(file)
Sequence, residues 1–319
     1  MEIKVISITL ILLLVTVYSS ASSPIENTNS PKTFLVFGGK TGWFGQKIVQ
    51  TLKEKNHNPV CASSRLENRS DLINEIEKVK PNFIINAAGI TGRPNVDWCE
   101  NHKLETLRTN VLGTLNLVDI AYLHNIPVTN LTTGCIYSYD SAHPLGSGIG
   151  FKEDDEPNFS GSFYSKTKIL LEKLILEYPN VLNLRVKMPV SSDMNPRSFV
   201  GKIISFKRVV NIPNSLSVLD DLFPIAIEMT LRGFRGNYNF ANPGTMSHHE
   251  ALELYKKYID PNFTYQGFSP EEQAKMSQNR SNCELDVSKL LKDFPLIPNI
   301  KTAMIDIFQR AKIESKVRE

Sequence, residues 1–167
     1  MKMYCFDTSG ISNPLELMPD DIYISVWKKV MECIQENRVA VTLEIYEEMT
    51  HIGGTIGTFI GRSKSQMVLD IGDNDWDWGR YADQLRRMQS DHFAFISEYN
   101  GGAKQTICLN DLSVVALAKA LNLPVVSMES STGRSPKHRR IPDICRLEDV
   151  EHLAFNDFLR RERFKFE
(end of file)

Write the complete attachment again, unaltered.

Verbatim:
Sequence, residues 1–319
     1  MEIKVISITL ILLLVTVYSS ASSPIENTNS PKTFLVFGGK TGWFGQKIVQ
    51  TLKEKNHNPV CASSRLENRS DLINEIEKVK PNFIINAAGI TGRPNVDWCE
   101  NHKLETLRTN VLGTLNLVDI AYLHNIPVTN LTTGCIYSYD SAHPLGSGIG
   151  FKEDDEPNFS GSFYSKTKIL LEKLILEYPN VLNLRVKMPV SSDMNPRSFV
   201  GKIISFKRVV NIPNSLSVLD DLFPIAIEMT LRGFRGNYNF ANPGTMSHHE
   251  ALELYKKYID PNFTYQGFSP EEQAKMSQNR SNCELDVSKL LKDFPLIPNI
   301  KTAMIDIFQR AKIESKVRE

Sequence, residues 1–167
     1  MKMYCFDTSG ISNPLELMPD DIYISVWKKV MECIQENRVA VTLEIYEEMT
    51  HIGGTIGTFI GRSKSQMVLD IGDNDWDWGR YADQLRRMQS DHFAFISEYN
   101  GGAKQTICLN DLSVVALAKA LNLPVVSMES STGRSPKHRR IPDICRLEDV
   151  EHLAFNDFLR RERFKFE